Incoming students moved into their dwellings from 9 a.m. to 2 p.m. August 18. Alumni, student volunteers, librarians and professors came to help parents and students unload carloads of possessions.
Items ranged from stuffed animals, blankets, microwaves and mini fridges. With the help of volunteers, everything for college survival was moved into the dorms.
“As a SOC, I think it is important for students to have a sense of community,” said Josh Allen, junior respiratory therapy major.
More than half of the student volunteers were former SOCs, which allowed the incoming freshmen to connect to a familiar face. Even President Farley was in attendance and helping students move in, while offering a handshake and a smile to both parents and students.
Inside the Living Learning Center (LLC), representatives of the East and West Halls, Glynis Debenham and Takuma (Taco) Saito, sophomore of communications, coded IDs for students to open their doors.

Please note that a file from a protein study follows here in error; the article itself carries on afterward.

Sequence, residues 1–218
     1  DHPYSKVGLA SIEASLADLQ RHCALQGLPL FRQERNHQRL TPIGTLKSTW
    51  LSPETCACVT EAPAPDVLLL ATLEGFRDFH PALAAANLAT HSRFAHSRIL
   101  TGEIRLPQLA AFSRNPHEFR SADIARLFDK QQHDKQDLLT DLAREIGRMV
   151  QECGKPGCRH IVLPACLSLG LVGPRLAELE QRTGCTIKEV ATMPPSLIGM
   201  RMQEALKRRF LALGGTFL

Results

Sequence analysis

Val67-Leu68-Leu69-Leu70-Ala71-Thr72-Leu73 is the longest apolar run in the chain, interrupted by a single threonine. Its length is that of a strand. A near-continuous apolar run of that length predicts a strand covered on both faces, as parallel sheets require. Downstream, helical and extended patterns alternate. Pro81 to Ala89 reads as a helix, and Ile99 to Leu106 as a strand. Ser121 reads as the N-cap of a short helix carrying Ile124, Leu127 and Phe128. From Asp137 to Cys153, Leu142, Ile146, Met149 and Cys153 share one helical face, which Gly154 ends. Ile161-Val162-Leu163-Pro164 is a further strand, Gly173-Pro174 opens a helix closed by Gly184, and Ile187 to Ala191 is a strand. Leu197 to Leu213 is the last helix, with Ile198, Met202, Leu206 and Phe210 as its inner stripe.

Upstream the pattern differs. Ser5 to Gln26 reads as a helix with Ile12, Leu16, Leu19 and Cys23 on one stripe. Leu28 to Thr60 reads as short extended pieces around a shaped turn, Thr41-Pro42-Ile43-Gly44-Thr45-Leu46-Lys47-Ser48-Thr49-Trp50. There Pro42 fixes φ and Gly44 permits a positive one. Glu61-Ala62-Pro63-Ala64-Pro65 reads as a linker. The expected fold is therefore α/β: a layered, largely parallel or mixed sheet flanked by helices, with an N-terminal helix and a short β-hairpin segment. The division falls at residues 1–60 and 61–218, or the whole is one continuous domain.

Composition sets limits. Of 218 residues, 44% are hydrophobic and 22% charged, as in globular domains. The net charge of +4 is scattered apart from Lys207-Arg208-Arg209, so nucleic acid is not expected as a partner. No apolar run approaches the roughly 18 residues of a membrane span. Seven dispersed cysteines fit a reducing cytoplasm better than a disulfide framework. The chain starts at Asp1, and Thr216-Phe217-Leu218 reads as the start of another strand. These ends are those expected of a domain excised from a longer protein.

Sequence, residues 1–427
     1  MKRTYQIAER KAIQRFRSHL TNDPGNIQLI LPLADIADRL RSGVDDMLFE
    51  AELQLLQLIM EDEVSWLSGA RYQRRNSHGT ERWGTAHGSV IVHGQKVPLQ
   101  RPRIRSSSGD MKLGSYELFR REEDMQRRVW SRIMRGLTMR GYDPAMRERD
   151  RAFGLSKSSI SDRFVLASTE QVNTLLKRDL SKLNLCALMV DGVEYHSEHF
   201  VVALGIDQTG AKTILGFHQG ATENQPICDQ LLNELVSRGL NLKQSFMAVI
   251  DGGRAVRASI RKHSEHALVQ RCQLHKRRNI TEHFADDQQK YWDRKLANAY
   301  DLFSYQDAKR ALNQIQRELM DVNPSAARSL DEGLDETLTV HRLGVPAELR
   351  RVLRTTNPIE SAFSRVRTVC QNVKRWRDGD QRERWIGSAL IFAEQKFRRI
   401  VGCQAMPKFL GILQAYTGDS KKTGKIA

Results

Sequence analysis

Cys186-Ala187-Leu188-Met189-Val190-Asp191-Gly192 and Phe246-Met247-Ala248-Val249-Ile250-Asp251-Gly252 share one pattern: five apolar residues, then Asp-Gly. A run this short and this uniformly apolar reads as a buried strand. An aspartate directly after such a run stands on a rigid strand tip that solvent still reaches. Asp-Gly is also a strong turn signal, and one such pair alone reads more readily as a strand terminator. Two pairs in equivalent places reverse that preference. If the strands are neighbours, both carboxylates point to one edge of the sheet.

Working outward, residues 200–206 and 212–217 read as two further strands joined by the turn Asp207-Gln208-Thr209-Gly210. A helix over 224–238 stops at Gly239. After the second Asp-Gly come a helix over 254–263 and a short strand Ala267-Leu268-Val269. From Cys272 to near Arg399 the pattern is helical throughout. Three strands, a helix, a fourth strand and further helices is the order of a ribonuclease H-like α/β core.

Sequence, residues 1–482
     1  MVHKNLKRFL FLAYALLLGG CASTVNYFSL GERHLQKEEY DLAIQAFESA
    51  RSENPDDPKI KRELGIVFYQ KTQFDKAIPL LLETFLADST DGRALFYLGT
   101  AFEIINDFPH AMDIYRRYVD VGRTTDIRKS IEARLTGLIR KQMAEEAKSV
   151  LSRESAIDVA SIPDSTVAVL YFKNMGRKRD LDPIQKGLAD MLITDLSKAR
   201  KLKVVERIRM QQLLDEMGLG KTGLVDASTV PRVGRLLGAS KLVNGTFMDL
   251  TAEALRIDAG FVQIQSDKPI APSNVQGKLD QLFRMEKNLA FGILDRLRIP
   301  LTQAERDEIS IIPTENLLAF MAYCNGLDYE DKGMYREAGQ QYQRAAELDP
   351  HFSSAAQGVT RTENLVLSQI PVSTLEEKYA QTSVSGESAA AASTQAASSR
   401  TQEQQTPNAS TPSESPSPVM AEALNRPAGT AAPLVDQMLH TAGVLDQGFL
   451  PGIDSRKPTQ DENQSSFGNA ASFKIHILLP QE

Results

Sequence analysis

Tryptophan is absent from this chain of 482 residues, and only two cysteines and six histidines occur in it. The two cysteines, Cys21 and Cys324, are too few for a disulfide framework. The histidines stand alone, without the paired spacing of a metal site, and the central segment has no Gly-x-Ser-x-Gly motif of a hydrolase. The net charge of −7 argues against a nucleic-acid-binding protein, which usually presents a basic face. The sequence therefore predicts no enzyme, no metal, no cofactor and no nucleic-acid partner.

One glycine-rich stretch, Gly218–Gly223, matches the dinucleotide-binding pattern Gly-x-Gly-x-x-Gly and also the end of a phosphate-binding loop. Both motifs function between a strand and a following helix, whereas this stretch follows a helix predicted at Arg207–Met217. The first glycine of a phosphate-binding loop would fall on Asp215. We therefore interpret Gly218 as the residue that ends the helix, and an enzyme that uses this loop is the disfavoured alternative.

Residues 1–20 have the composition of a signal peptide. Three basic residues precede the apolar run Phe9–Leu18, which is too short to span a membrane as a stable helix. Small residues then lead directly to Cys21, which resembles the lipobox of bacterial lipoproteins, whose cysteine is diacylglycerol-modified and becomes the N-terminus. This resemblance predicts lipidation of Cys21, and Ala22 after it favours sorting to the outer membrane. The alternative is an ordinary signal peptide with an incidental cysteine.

Saito was excited to decrease the stress of transitioning into a new environment.
Meanwhile, the outside the LLC, Jamie McEwen of the financial aid office and Danny Funk, the assistant director of Alumni Association were giving away popcorn with various flavors of pop corn salt and beverages, including water and soda.
“The popcorn is courtesy of the Alumni Association and STAT, Students Today Alumni Tomorrow. For just $10 a year, students can enjoy many of the benefits of being an Alumni, while in attendance.” The various types of salt were to raise awareness for the SALT program from financial aid, which helps students with student loans.
The entire process was streamlined from previous years, with students showing up at different hours depending on their last name. This allowed students to be unloaded within pulling up to their respective building. This also took away from the stress of unloading and letting them say goodbye to their loved ones.
Among the volunteers, a friendly mini fridge carrying contest arose. The high score, belonging to Josh Allen, was 17.
“It’s nice to see the incoming students,” Debenham said. “It reminds me to be hopeful. As a senior, it can be easy to get bogged down and forget that feeling, but they have hope in their eyes. They need to take advantage of this time and enjoy it while it lasts”